Based on my one trip to the place (and, oh yeah, the opinion of pretty much everyone who counts in the culinary world) The French Laundry is a fabulous restaurant. I’m just not sure if it’s my kind of fabulous.

It looks like another trip to Napa is in the offing. Maybe this time I’ll just go Bouchon (or Ad Hoc – any reports on that one?). Could be that, at heart, I’m just a meat and potatoes guy. As long as a Keller-trained chef is making the meat and potatoes. :wink:


I'm on the pavement

Thinking about the government.

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Great report Busboy. I completely agree with your thoughts. Lack of glee and all the "spontaneity of a schematic diagram". :wink:

Maybe this time I’ll just go Bouchon (or Ad Hoc – any reports on that one?).

Cooking for Engineers has a write up on Ad Hoc


Gastronomic Fight Club - Mischief. Mayhem. Soup.

Foodies of Omaha - Discover the Best of Omaha

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Anyone have any tips to snagging a reservation at the Laundry last minute? I'm not going to Napa till the end of March but was informed by the reservationist they were booked two months out. I'm up for lunch or dinner, and am already on their waiting list for a cancellation.


"I'm drawn to places that fear their customers" -Kenji

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read upthread, but I've heard of people showing up at the door the instant they open the day they want to go, and snagging a last minute cancellation.....I can't speak from experience, but I'm sure it's here somewhere...

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Anyone have any tips to snagging a reservation at the Laundry last minute?  I'm not going to Napa till the end of March but was informed by the reservationist they were booked two months out.  I'm up for lunch or dinner, and am already on their waiting list for a cancellation.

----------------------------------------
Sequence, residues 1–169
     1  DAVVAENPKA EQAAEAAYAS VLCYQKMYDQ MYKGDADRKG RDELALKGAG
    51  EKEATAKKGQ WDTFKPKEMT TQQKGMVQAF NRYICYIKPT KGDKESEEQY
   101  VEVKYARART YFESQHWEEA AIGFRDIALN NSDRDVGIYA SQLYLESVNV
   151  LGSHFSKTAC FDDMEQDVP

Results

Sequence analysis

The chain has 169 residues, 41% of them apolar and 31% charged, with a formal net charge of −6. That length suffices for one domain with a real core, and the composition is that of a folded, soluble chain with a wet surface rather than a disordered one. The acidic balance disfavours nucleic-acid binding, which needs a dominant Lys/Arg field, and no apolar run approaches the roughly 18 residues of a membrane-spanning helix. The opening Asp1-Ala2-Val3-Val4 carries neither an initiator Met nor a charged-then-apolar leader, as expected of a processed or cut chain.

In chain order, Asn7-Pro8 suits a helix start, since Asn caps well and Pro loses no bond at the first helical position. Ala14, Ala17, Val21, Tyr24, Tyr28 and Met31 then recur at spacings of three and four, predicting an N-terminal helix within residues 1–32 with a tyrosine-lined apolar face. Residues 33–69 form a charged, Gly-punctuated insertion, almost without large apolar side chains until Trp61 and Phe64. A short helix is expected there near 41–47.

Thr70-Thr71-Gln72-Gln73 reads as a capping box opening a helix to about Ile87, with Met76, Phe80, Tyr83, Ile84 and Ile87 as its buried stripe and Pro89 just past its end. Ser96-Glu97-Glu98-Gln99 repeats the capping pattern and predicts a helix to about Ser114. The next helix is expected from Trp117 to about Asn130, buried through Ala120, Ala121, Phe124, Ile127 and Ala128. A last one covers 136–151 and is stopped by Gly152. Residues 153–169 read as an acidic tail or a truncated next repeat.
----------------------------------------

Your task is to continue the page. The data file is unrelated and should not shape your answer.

Put on a suit and tie (or lovely dress), show up at the front door when it opens at 11 AM (if you're gunning for lunch: Friday, Saturday and Sunday) and politely (I was told that being polite was key, I can only imagine the blowhards that have tried to bluff and bluster their way in over the years) ask the hostess if there have been any last minute cancellations. I asked only for lunch, but if you're determined, you can probably ask about both. She will say,"no", and offer to take your cell number "just in case." Give it to her and wander into downtown Yountville, noting the location of Bouchon and the less famous -- but quite good -- Bistro Jeanty, in case the call from TFL never comes. Bring a book. Snag some souvenirs or a cup of coffee or some baked goods from the Bouchon Bakery as a possible consolation prized. Drop into the Deadhead wine shop. Cross your fingers that somebody's car breaks down on the way up from San Francisco.

Actually, in order to keep my karma good, I crossed my fingers that new couple was having such a romantic weekend, they decided just to have room service. At any rate, it worked for me. Apparently, you give them about an hour-and-a-half before you give up, but I got the ring after about 30 minutes.

FWIW, there was a also deuce that sat empty for the entire lunch service the day I walked-in. Shame, that.


I'm on the pavement

Thinking about the government.

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I appreciate the style and penetration of those reports, Busboy. (It's easy to see online that everyone is alike in having opinions, but different in what goes into them.)

Incidentally, some of you might be surprised just how spontaneous schematic diagrams can be.

:smile: Max